Archive for June, 2012

Pacific Northwest Historics – Kent, WA – 06/29/12

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Triumph Spitfire Engine Rebuild Doesn't Look So Hard…

…When it does it itself.

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Maserati Presenta Silverstone 1948

Disappointingly short, I know.

How about if I throw in these images from the same race of Geoffrey Ansell and his ERA B-Type getting way too well acquainted with the hay bales on the 23rd lap?

With all the (deserved) talk of the dangers of early motor racing, it always surprises me to see images like this (and this) where, despite the terrors captured in the photograph, the driver was uninjured. Geoffrey walked away from this one nonetheless, thumbing his nose at the odds.

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Available in California: A Trove of SoCal Racing Posters

I was contacted last week by an antiques dealer in Southern California that acquired these marvelous Southern California road racing posters from the estate of California Sports Car Club racer Noble Bishop. Bishop raced at these events in Crosleys and Triumphs and has kept these mementos in fantastic shape.

A couple of these are posters that I’ve never seen before and they are just heartbreakingly lovely. There’s a stark simplicity in these earlier generations of posters and handbills that is left lacking in most modern racing ephemera. The cheap availability of full color photographic printing is part of the problem. After all, why bother investing the time and creativity in something when we can just print up a photo?

Good design requires constraints: constraints of budget, of technology, of time. The more we strip those constraints away, there more contemporary racing poster design seems to suffer. Even the events that take the time to hire good designers and artists to craft a program or poster usually end up cluttering it with sponsoring logos. Thankfully, these posters lack most of that clutter. They’re fantastic. Unfortunately, they’re a bit out of my price range otherwise I would have bought them already instead of sharing them here with you. Contact the Blue Heron Gallery in Fallbrook, CA for more information.

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Mid-Ohio Vintage Grand Prix – Lexington, OH – 06/22/12

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11th Annual Southern California Historic Sports Car Festival – Fontana, CA – 06/22/12

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SoCal Road Racing Home Movie Bonanza!

I’ve said it before and I’ll say it again. I love when home movies of races make it out of the attic and onto the web.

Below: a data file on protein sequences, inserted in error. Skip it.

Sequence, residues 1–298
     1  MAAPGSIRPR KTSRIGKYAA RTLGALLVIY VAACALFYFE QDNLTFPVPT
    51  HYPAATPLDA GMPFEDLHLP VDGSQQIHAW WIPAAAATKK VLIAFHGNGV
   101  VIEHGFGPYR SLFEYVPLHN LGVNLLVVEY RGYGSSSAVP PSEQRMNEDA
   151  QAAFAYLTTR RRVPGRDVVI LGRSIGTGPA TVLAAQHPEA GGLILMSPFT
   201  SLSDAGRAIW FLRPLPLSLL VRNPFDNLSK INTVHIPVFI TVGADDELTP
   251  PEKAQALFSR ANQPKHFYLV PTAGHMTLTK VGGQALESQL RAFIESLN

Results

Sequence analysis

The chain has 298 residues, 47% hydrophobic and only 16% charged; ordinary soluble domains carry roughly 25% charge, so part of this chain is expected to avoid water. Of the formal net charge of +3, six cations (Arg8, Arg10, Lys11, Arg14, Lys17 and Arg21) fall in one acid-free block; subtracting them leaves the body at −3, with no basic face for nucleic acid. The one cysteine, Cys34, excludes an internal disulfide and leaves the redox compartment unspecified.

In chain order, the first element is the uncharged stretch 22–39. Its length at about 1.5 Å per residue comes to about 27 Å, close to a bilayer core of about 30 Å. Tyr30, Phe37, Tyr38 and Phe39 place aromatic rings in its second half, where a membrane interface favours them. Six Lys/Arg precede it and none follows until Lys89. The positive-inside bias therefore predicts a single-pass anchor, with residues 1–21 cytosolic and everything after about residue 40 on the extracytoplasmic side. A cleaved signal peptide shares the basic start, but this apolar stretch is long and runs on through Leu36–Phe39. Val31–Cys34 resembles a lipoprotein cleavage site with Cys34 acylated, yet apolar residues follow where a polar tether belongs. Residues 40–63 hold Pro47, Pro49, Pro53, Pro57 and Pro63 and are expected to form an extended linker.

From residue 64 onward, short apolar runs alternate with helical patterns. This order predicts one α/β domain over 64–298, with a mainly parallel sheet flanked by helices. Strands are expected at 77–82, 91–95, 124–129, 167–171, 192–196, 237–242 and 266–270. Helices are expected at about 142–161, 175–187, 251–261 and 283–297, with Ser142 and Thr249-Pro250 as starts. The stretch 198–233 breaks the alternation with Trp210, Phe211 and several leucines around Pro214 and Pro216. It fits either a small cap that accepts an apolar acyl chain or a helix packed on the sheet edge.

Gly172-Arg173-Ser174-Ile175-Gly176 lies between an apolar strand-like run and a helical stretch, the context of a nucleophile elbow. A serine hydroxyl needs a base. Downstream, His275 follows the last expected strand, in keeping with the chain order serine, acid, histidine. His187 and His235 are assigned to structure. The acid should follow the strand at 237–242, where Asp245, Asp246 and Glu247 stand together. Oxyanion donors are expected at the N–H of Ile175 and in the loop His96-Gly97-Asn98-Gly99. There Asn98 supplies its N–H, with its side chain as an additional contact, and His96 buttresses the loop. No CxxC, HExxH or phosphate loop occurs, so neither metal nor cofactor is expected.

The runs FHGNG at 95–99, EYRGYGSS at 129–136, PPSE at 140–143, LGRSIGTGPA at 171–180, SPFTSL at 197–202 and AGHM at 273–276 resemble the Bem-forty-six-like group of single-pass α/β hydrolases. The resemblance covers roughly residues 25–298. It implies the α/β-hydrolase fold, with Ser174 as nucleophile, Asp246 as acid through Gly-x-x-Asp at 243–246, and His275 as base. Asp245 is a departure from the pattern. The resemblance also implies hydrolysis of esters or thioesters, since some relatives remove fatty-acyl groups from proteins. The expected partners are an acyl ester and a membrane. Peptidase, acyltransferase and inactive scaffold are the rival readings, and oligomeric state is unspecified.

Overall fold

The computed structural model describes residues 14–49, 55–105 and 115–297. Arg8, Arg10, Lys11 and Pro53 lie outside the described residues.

Here’s a perfect example: 15 minutes of footage from Willow Springs, Torrey Pines, Santa Barbara, Pebble Beach, Chino, Paramount Ranch, Pomona, and Riverside. Throw in some bonus shots of ’64 Sebring and this is a fantastic taste of 10 of the best years in American sports car racing. Hallelujah!

Ready for more than a taste of these races? Check out the John McClure Archive.

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Broadcast Map of the Past: Brands Hatch

This track map pulled from the Castrol Book of the European Grand Prix has a fascinating feature that I’ve not seen on any other track map: The location of the BBC Cameras recording the event. Five cameras (and a helicopter) seems almost hilariously insufficient when we consider today’s abundant camera angles of most tracks, but in 1964 it was a struggle to get even this level of coverage.

Since this is from a Castrol book, the oil company was playing up its own efforts in filming the race, with a substantial section of the booklet describing the effort to capture the race; apparently with more cameras than the BBC was using for the broadcast.

Castrol wasn’t just locking their efforts away either, this line concludes the description of the filming: “if you belong to a motor club and would like to see the results of their work, ask the Secretary to reserve a print of the film for showing to you and your fellow members.” The notion of reserving a print of the race film to be enjoyed later by motor club members sitting around the film projector—weeks or months after the race—is utterly fantastic.

Gathering friends to watch a months-old motor race seems ridiculous today, but there’s something reverent and respectable about the scenario that I love. Rather than just tuning in to the live broadcast to see who wins, it’s an honoring of the event; like a football coach re-watching reels of previous games again and again. It’s not watching the race, it’s studying the race.

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Just One More Thing to Make the Monza Banking More Treacherous.

At first glance I thought it was sunny on the Monza banking, and cloudy on the straight—but of course that straight line separating the two shows how ridiculous I was. Then it occurred to me that this dramatic shift in color is the transition from the concrete surface of the banking to the asphalt surface of the start-finish straight. Quite an abrupt transition that must have been felt by the drivers coming out of the extreme suspension distress and jarring bumps between sections of the banking.

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VIR & VSCCA School – Alton, VA – 06/16/12

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